It is a founding member of the OECD and Interpol. Austria signed the Schengen Agreement in 1995, adopted the euro currency in 1999; the German name for Austria, Österreich, derives from the Old High German Ostarrîchi, which meant "eastern realm" and which first appeared in the "Ostarrîchi document" of 996. This word is a translation of Medieval Latin Marchia orientalis into a local dialect. Another theory says that this name comes from the local name of the mountain whose original Slovenian name is "Ostravica" - because it is steep on both sides. Austria was a prefecture of Bavaria created in 976; the word "Austria" was first recorded in the 12th century. At the time, the Danube basin of Austria was the easternmost extent of Bavaria; the Central European land, now Austria was settled in pre-Roman times by various Celtic tribes. The Celtic kingdom of Noricum was claimed by the Roman Empire and made a province. Present-day Petronell-Carnuntum in eastern Austria was an important army camp turned capital city in what became known as the Upper Pannonia province.
Carnuntum was home for 50,000 people for nearly 400 years. After the fall of the Roman Empire, the area was invaded by Bavarians and Avars. Charlemagne, King of the Franks, conquered the area in AD 788, encouraged colonization, introduced Christianity; as part of Eastern Francia, the core areas that now encompass Austria were bequeathed to the house of Babenberg. The area was known as the marchia Orientalis and was given to Leopold of Babenberg in 976; the first record showing the name Austria is from 996, where it is written as Ostarrîchi, referring to the territory of the Babenberg March. In 1156, the Privilegium Minus elevated Austria to the status of a duchy. In 1192, the Babenbergs acquired the Duchy of Styria. With the death of Frederick II in 1246, the line of the Babenbergs was extinguished; as a result, Ottokar II of Bohemia assumed control of the duchies of Austria and Carinthia. His reign came to an end with his defeat at Dürnkrut at the hands of Rudolph I of Germany in 1278. Thereafter, until World War I, Austria's history was that of its ruling dynasty, the Habsburgs.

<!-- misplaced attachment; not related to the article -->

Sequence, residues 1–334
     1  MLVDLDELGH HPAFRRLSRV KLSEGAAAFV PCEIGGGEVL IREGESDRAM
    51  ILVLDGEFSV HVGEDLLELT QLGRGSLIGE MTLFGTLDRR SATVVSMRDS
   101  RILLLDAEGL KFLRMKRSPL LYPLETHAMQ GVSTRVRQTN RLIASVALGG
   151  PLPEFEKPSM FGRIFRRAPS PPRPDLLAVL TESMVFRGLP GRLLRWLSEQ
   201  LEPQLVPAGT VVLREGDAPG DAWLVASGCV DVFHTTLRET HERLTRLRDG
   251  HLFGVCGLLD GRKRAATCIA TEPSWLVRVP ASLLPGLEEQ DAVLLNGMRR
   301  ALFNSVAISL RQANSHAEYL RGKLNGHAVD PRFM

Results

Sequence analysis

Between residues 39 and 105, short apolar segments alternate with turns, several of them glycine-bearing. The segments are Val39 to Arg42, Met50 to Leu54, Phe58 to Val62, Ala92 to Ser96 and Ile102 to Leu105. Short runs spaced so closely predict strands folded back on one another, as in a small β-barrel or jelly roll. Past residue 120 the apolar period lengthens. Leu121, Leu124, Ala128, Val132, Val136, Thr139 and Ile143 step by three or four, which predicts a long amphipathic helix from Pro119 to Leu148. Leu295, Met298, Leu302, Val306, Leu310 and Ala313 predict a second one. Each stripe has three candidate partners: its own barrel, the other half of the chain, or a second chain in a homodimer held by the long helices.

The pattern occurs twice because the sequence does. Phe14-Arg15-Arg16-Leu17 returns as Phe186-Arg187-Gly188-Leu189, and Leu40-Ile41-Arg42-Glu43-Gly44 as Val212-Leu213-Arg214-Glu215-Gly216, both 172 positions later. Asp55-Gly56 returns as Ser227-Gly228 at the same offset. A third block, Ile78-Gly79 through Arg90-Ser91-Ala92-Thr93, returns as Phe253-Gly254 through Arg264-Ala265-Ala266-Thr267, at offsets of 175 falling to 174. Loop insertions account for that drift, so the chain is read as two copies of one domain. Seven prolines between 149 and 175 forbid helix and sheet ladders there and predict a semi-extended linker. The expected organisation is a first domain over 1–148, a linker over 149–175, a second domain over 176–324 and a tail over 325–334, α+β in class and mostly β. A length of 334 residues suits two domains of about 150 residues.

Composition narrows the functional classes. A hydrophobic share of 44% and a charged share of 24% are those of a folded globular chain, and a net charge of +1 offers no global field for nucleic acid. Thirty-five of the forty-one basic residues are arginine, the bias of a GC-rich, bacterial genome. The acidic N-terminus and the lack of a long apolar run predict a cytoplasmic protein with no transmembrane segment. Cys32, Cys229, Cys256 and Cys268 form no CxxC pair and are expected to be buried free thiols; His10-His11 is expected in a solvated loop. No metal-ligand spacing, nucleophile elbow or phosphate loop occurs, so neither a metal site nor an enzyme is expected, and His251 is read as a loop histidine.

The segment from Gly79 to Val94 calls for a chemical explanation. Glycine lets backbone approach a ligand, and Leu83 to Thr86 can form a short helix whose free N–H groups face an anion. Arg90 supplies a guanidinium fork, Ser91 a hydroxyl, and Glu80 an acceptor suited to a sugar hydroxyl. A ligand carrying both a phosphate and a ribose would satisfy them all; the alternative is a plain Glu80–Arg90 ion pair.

In the 14th and 15th centuries, the Habsburgs began to accumulate other provinces in the vicinity of the Duchy of Austria. In 1438, Duke Albert V of Austria was chosen as the successor to his father-in-law, Emperor Sigismund. Although Albert himself only reigned for a year, henceforth every emperor of the Holy Roman Empire was a Habsburg, with only one exception; the Habsburgs began to accumulate territory far from the hereditary lands. In 1477, Archduke Maximilian, only son of Emperor Frederick III, married the heiress Maria of Burgundy, thus acquiring most of the Netherlands for the family. In 1496, his son Philip the Fair married Joanna the Mad, the heiress of Castile and Aragon, thus acquiring Spain and its Italian and New World appendages for the Habsburgs. In 1526, following the Battle of Mohács, Bohemia and the part of Hungary not occupied by the Ottomans came under Austrian rule. Ottoman expansion into Hungary led to frequent conflicts between the two empires evident in the Long War of 1593 to 1606.
The Turks made incursions into Styria nearly 20 times, of which some are c
The leading wheel or leading axle or pilot wheel of a steam locomotive is an unpowered wheel or axle located in front of the driving wheels. The axle or axles of the leading wheels are located on a leading truck. Leading wheels are used to help the locomotive negotiate curves and to support the front portion of the boiler; the leading bogie does not have simple rotational motion about a vertical pivot, as might first be thought. It must be free to slip sideways to a small extent, some kind of springing mechanism is included to control this movement and give a tendency to return to centre; the sliding bogie of this type was patented by William Adams in 1865. The first use of leading wheels is attributed to John B. Jervis who employed them in his 1832 design for a locomotive with four leading wheels and two driving wheels. In the Whyte system of describing locomotive wheel arrangements, his locomotive would be classified as a 4-2-0: That is to say, it had four leading wheels, two driving wheels, no trailing wheels.
In the UIC classification system, which counts axles rather than wheels and uses letters to denote powered axles, the Jervis would be classified 2A. Locomotives without leading trucks are regarded as unsuitable for high speed use; the British Railway Inspectorate condemned the practice in 1895, following an accident involving two 0-4-4s at Doublebois, Cornwall, on the Great Western Railway. Other designers, persisted with the practice and the famous 0-4-2 Gladstone class passenger expresses of the London and South Coast Railway remained in trouble-free service until 1933. A single leading axle increases stability somewhat, while a four-wheel leading truck is essential for high-speed operation; the highest number of leading wheels on a single locomotive is six, as seen on the 6-2-0 Crampton type and the Pennsylvania Railroad's 6-4-4-6 S1 duplex locomotive and 6-8-6 S2 steam turbine. Six-wheel leading trucks were not popular; the Cramptons were built in the 1840s, but it was not until 1939 that the PRR used one on the S1.
AAR wheel arrangement Adams axle Trailing wheel UIC classification of locomotive axle arrangements Whyte notation